آشنایی با منبع چند فراکتال در بازارهای مالی
|کد مقاله||سال انتشار||مقاله انگلیسی||ترجمه فارسی||تعداد کلمات|
|14247||2012||18 صفحه PDF||سفارش دهید||10200 کلمه|
Publisher : Elsevier - Science Direct (الزویر - ساینس دایرکت)
Journal : Physica A: Statistical Mechanics and its Applications, Volume 391, Issue 17, 1 September 2012, Pages 4234–4251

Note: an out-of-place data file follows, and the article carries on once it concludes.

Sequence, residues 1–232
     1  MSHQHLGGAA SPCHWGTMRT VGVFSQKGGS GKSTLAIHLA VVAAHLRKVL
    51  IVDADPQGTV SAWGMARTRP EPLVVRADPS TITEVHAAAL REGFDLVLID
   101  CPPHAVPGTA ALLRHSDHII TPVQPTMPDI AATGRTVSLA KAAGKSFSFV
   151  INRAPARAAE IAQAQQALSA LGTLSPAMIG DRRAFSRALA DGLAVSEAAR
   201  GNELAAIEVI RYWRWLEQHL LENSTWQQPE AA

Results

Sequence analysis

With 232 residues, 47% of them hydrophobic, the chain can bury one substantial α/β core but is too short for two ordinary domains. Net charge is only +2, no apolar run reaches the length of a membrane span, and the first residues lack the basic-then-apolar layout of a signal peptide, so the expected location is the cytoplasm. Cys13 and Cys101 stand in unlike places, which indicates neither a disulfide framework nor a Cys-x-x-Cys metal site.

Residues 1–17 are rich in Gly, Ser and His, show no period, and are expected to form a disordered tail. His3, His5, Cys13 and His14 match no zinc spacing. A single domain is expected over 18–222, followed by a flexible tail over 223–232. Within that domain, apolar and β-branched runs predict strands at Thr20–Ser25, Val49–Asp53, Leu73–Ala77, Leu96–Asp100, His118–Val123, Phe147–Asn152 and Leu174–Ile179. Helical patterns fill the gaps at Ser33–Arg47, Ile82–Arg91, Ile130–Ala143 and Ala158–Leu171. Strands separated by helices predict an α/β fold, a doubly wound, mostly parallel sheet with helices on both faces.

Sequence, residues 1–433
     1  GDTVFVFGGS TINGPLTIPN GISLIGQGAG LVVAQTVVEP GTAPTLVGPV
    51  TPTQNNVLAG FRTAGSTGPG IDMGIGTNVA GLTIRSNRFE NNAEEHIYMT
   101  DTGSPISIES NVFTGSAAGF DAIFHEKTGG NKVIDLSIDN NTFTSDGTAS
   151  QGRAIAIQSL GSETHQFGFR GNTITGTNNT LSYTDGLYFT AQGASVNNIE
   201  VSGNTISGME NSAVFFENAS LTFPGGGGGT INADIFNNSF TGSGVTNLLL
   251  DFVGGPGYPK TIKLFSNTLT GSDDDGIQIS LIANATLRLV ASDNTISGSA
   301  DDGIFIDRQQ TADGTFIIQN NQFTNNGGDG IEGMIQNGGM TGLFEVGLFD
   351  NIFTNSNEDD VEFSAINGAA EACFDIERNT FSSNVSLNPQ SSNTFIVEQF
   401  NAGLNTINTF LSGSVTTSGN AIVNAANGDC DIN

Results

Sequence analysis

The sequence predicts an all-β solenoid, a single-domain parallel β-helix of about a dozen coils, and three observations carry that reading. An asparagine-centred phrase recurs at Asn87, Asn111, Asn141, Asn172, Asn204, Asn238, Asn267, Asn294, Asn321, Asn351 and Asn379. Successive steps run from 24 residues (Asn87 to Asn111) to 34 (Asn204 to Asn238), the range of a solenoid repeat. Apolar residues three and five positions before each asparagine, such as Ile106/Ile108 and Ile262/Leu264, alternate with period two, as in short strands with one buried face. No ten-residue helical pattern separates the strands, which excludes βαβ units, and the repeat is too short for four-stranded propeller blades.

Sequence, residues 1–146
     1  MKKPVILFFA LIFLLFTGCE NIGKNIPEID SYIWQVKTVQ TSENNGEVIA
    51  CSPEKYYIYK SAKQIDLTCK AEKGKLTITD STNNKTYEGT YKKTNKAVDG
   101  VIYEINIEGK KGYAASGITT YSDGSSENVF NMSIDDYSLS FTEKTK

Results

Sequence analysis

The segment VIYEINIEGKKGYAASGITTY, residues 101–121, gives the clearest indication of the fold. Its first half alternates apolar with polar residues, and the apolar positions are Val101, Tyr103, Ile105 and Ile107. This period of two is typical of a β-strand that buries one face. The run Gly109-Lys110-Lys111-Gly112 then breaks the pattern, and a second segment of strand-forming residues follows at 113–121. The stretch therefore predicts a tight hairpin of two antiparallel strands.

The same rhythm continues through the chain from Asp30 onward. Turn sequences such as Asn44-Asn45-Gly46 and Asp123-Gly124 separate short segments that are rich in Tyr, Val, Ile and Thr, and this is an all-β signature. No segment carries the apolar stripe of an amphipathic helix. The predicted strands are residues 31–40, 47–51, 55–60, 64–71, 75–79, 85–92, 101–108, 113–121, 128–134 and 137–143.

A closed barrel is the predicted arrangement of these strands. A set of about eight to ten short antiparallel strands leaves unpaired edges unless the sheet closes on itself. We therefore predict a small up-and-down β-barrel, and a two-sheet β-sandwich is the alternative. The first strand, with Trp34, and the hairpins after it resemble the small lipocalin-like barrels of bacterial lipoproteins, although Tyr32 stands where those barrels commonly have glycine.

In this paper, we use the generalized Hurst exponent approach to study the multi-scaling behavior of different financial time series. We show that this approach is robust and powerful in detecting different types of multi-scaling. We observe a puzzling phenomenon where an apparent increase in multifractality is measured in time series generated from shuffled returns, where all time-correlations are destroyed, while the return distributions are conserved. This effect is robust and it is reproduced in several real financial data including stock market indices, exchange rates and interest rates. In order to understand the origin of this effect we investigate different simulated time series by means of the Markov switching multifractal model, autoregressive fractionally integrated moving average processes with stable innovations, fractional Brownian motion and Levy flights. Overall we conclude that the multifractality observed in financial time series is mainly a consequence of the characteristic fat-tailed distribution of the returns and time-correlations have the effect to decrease the measured multifractality.